Student entrepreneurs juggle education and environmentally conscious business
Cigarette Butts by Marta Kierkus
Only 11 months after developing a project for an Ottawa entrepreneurship competition, a team of U of O students led by Kathleen Kemp are watching their business take over the city’s streets.
Kemp is in her fourth year of a degree in commerce specializing in management at the Telfer School of Management. She developed the project alongside her classmate Ajmal Sataar and recent Telfer grad Adam Tomaszewski.
CigBins aims to limit the harmful environmental impacts of discarded cigarette butts. The toxins left in discarded cigarette butts pollute by leaking into soil and waterways. The butts are not biodegradable because they contain cellulose acetate.
It’s estimated that 15 per cent of the Ottawa population are smokers, and those smokers generate roughly 2.6 million cigarette butts daily.
The company installs bins for people to throw out their cigarette butts, and the bins are emptied by staff hired through the organization Causeway Work Centre, an organization that provides opportunities for those living with mental illness.
After creating the project for the HUB Ottawa three-day competition Launch Some Good, which encourages students to work on a business idea to solve a social or environmental issue, Kemp’s team collaborated with the Vanier Business Improvement Area and City Hall to bring their invention to the streets.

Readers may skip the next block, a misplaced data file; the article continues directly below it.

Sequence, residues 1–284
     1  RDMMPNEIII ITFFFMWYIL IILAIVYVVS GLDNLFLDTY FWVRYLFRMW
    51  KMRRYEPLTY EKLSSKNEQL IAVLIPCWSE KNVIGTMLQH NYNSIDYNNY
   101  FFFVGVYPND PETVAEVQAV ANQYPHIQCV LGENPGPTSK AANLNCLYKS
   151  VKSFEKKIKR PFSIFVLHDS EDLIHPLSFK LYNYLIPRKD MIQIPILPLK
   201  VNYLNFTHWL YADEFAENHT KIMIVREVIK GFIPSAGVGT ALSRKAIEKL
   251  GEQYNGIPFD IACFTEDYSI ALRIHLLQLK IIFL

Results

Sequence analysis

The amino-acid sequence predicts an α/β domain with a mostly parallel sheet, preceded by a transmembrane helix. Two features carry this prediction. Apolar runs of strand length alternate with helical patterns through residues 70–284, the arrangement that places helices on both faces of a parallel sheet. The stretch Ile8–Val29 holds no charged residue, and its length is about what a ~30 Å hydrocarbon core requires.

The trio also received a grant from the Just Change organization and another from the U of O’s Wes Nicol Entrepreneurship Competition.
The launch of CigBins saw the attendance of Mayor Jim Watson and some members of city council.
“Jim Watson believes that CigBins is going to be a national success story, which is really exciting to hear,” says Kemp.
She says running the business while in university is a challenge.
“As a student, it’s already challenging juggling your job with school as well as a personal life,” Kemp says. “Being able to maintain decent marks while operating a fully functioning business has definitely been the biggest challenge.” But she reminds students that with enough drive and passion, it is doable. “You learn to time-manage and prioritize quite quickly,” she says. “This business is pretty much my life, and I wouldn’t do it unless I was truly passionate about it.”
CigBins have been set up on McArthur Avenue, Beechwood Avenue, and Montreal Road. Kemp says the plan is to expand further throughout Ottawa, then eventually into the rest of Ontario and then across Canada.